My name is Kathy Pobloskie and I am the Director of Lost Dogs of Wisconsin. We are an all-volunteer organization committed to reuniting lost dogs with their owners. We receive lost and found reports from around the state and from January through June 30, 2014, we have helped reunite 1004 Wisconsin dogs with their owners. Our 70 plus volunteers personally contact every person that files a lost or found dog report to give them advice and support based on what we have learned from the successful reunions of several thousand dogs since we started in 2010. At Lost Dogs of Wisconsin, we strive to maintain good working relationships with shelters and believe that through teamwork we can help more lost dogs get home.
Recently, we have received several troubling stories from Milwaukee county, and today I want to tell you about this one – an unnamed dog (No A281263) that was found by a Good Samaritan. I also want to mention that I did email Ms. Sparapani with our concerns about this dog, but did not receive a reply.
On June 4, a Glendale resident was walking his two dogs in Lincoln Park. This black and white dog approached his dogs in a very friendly manner and began to follow them. When I spoke with the finder, he described the dog as very friendly, obviously well cared for – of good weight, and wearing a black nylon collar but no tags. He proceeded home with the dog following behind. When he got home this dog was initiating play with his two dogs, and was even friendly with his cats. He filed a report with us on the evening of June 4 which we posted.
He also sent a picture to MADACC ‘s Facebook page in the hopes that an owner would be found quickly which was shared on the Stray Animals of Milwaukee County’s Facebook page on June 5th.
Since the finder already has two dogs and two cats and couldn't keep this dog himself, he wanted to find the owner quickly or help facilitate a new home for the dog. He felt bad keeping the dog in his garage, and since he knew that MADACC was the official stray holding facility (information that we provide) he brought the dog to MADACC after work on June 5th. I sent in an Open Records Request for the information on this dog and it shows that the dog was impounded at 5:32 p.m. on June 5th. The finder mentioned that he had a friend that might be interested in adopting the dog if nobody reclaimed him and he was told to check back after the 7 day stray hold was up.
On June 5th the dog received an intake exam and was found to be normal. It was estimated he was 2 years old and his weight was 68.5 pounds. It was noted that he had a black nylon collar on.
Twice during the week the finder called to check on the status of the dog and to inform MADACC that a friend would like to see the dog and possibly adopt. He was told to call back after the seven day stray hold was up.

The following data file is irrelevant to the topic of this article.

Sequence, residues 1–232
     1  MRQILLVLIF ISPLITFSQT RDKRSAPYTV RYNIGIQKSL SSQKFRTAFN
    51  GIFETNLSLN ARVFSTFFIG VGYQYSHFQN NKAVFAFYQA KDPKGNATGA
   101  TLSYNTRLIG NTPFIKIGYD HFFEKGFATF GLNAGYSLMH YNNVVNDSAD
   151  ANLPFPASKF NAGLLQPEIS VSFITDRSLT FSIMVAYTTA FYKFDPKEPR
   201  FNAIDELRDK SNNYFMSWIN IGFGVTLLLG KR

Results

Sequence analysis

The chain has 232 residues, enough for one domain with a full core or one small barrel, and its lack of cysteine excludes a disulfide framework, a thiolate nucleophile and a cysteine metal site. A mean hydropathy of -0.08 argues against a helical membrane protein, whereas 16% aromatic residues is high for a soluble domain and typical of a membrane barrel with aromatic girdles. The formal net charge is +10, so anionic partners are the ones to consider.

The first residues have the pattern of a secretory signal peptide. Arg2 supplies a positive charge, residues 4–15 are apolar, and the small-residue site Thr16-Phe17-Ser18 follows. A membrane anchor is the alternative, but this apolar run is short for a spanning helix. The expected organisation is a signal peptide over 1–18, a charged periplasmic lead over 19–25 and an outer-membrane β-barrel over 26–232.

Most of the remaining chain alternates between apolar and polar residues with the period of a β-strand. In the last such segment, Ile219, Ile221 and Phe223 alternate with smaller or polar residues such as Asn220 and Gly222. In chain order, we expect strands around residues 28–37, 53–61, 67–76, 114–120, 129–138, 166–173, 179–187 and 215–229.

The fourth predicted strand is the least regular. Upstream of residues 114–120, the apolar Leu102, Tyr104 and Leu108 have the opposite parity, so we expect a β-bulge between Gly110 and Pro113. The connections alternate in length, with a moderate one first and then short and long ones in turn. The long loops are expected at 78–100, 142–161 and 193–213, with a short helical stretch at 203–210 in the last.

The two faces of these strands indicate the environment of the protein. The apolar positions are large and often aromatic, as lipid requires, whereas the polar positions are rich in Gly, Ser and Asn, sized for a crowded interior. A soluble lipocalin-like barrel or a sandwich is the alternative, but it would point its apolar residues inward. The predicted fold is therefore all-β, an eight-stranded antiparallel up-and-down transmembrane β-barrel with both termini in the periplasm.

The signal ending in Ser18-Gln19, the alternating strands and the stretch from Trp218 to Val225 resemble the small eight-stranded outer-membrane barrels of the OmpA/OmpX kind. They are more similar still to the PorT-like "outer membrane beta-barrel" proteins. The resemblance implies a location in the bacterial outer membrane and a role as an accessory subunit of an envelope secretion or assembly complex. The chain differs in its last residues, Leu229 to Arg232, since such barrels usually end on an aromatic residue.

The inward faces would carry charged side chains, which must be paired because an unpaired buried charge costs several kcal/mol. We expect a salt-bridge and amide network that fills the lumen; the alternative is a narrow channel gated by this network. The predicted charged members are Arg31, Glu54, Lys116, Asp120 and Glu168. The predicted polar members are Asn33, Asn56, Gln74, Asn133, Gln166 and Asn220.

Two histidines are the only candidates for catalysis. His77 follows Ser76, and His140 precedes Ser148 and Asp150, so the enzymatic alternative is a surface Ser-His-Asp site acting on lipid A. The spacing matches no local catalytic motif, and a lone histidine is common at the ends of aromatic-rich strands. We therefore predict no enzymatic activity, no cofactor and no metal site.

On June 10th the dog apparently showed signs of kennel cough and was put on a 10 day treatment of antibiotics.
On June 11th, Lorraine Sweeney evaluated the dog and said he failed dog to dog. That is all it says – there is no written behavior evaluation or any other details.
On June 11th the dog’s paperwork was also stamped as being MADACC’s property.
On June 12th the dog was put down at 9:41 a.m. The reason listed is BO “behavior observed”. (see above)
On June 12th the finder called to check on the status of the dog because he knew that the 7 day stray hold should expire at 5:30 that afternoon and he wanted to make arrangements for his friend to come in and see the dog.
But it was too late. He was told the dog was already dead.
In closing I want to read the following quotes from Ms. Sparapani from the Listening sessions:
The first is from the June 27th Listening session in West Allis:
"Decisions to end the life of an animal are not taken lightly here, and we are working very hard to reduce the number of animals that are euthanized."
The second is from the March 24th Listening session in West Milwaukee:
"Our behavior assessments are some of the most liberal around because of the fact that we know the dogs are likely showing their worst behavior because of fear and stress while at MADACC."
In closing, I would like to point out that there are some very troubling aspects to this story.
1. The dog was killed before the state-mandated seven day stray hold expired.
2. The dog was killed for dog aggression which he clearly did not have. If he showed any signs of aggression it was probably due to kennel stress,
3. The dog was killed when there was a potential home available for him. An obvious breakdown in communication must have occurred between the front desk fielding the calls and whoever should have made a notation in the file that there was an interested party.
I am hoping that dog A281263 did not die in vain. Please ensure that changes will be made to MADACC procedures to ensure that this doesn’t happen again.